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for Wednesday, September 8, 2004

Dime Detective 1243

This is the cover of DIME DETECTIVE MAGAZINE [December, 1943]. It's here because it was posted to Yahoo's COVER_UPS mailing list and, on seeing it, I knew I had to share it with my loyal legions of TOT readers. We'll speak of COVER_UPS shortly, but, first, I'm going to attempt - and doubtless fail - to impress you with my vast knowledge of this magazine as gleaned an exciting ten-minute ride through the Internet.

DIME DETECTIVE was the first hit from Popular Publications, a pulp magazine outfit of the 1930s. It ran 274 issues from November of 1931 to August of 1953. One entry opined that it was the most popular mystery pulp of the era.

DIME DETECTIVE seems to have emphasized continuing characters with a particular fondness for oddball detectives. There was BILL BRENT, a hard-nosed newsman who wrote his paper's lovelorn column under the name "Lora Lorne." There was THE DEAN, who was a private eye, professional fortune teller, and con artist. There was even a gent by the name of HORATIO HUMBERTON; he was a detective and an undertaker.

The pulp magazine afficionados among you should feel free to further my knowledge of DIME DETECTIVE and its characters through e-mails or even samples of the stories in which these fascinating characters starred. I await enlightenment.

As for COVER_UPS, it's a moderated mailing list run by my pal Mark Stratton. It promotes the sharing and trading of pulp fiction covers, as well as discussion thereof. It's a restricted list, but you can apply for membership at its home page:

It's a fun group that has brought me many hours of pleasure. I recommend it highly.



I'm going to be digging deep into TONY'S MAILBOX today, trying to catch up on reader comments that have languished in my files for far too long. For starters, I'm going back to March for this note from CHRIS LANG:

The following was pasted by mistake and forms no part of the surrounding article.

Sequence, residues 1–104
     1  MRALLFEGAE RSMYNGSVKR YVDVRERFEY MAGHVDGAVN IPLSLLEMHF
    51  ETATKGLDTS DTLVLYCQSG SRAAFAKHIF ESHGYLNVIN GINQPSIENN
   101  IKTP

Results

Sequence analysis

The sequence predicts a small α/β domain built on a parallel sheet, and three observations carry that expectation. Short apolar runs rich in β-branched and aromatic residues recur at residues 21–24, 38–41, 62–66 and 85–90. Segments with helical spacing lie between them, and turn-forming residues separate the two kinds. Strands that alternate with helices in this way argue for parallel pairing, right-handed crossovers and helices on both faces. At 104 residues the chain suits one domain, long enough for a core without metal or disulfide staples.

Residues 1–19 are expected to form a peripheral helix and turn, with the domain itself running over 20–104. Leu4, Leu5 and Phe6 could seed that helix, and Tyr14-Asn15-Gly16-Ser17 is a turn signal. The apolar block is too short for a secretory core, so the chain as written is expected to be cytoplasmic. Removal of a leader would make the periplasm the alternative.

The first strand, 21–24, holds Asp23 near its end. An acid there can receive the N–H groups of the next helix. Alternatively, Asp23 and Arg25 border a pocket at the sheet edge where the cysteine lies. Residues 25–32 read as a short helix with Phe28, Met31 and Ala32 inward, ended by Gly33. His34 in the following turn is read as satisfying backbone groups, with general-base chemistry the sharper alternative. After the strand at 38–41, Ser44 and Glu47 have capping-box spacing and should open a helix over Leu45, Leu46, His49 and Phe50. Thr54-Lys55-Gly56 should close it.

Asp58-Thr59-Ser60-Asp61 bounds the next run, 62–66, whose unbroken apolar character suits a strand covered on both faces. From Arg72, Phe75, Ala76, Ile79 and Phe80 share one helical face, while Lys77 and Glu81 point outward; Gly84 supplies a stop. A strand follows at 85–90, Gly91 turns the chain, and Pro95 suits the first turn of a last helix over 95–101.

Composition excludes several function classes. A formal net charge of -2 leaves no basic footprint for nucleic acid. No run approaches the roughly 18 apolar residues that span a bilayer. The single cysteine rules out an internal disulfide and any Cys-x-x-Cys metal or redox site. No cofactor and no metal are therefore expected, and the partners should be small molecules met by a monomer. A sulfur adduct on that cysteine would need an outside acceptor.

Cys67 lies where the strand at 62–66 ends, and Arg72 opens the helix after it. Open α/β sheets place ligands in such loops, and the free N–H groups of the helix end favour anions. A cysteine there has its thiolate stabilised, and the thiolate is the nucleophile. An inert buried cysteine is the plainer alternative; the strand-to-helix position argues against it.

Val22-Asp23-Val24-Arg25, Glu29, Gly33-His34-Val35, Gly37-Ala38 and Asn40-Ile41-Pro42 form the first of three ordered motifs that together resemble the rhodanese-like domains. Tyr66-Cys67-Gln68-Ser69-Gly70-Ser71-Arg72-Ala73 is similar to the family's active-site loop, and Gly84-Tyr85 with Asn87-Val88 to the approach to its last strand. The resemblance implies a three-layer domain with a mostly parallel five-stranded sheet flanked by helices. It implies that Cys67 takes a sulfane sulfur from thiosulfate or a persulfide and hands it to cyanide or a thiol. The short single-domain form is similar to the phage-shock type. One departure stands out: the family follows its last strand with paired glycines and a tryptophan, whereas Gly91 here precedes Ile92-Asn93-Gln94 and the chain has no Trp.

I have read TONY'S ONLINE TIPS for a number of years now. I may not have agreed with everything you've said, but I have always found your column entertaining and informative. Lately, however, you have disappointed me.

Your most recent column [March 1] and a recent message board post indicate you pre-judged Mel Gibson's THE PASSION OF THE CHRIST and hopped on the "It's anti-Semitic" bandwagon.

I'm under the impression you have yet to see the film. Correct me if I'm wrong.

I thought you knew better than to just blindly accept others' judgement of something before you see it for yourself. I had my own doubts all along that THE PASSION was actually anti-Semitic, and, now that I've seen the film, I'm still not convinced.

As near as I can tell, the movie is no more anti-Semitic than the Gospels themselves.

There are two scenes in the film that would seem to indicate that no, it is NOT anti-Semitic. One is the flashback to Jesus's Sermon on the Mount, in which he states that no one takes his life, he will give it. Indeed, if Jesus sacrificed himself for the sins of all humanity, then the Jews and Romans who were actually there were just doing their part in God's plan.

The other is where Jesus says "Forgive them, for they know not what they do." The emphasis on Caiphas in this scene indicates that Jesus is not just talking about the Roman soldiers, but the Jewish leaders who demanded his crucifixion.

I agree Gibson shouldn't excuse his father's denial of the Holocaust, but I decided not to judge the film based on that. I decided to see the film first, and then decide what I thought about it. The film is very well done, but it does assume one is already familiar with the life of Jesus going in. I also wouldn't recommend it to young children, as the cruelty and gore may be too much for them. I didn't find the violence to be gratuitous; I'm pretty sure the actual torture and crucifixion happened more or less as it is depicted in the film, and to clean it up would be to miss Gibson's point entirely.

The point, unless I'm mistaken, is that Jesus went through torment no sane person should wish on anybody, all to save humanity from its sins.

Anyway, I'm disappointed that you appear to have decided the film is anti-Semitic without seeing it for yourself first.

I'm not one of "the right." I believe Bush has more important things to worry about than gay marriage. However, just because "the right" is wrong doesn't make everything that "the left" says right. Think before repeating the judgmental statements others make, even if the others are people you have great respect for. And before you pass judgement on any film, TV show, or comic, be sure to see it for yourself and make your own judgments afterward.

I didn't want to be the one to say this, but I felt I had to. If at all possible, please address my objections in a later column. If I'm jumping to conclusions myself (as I'm accusing you of), then at least try to set the record straight.
I'll start by apologizing for taking so long to get this note into the column. Even with a daily column, it's tough to include as much content as I'd like.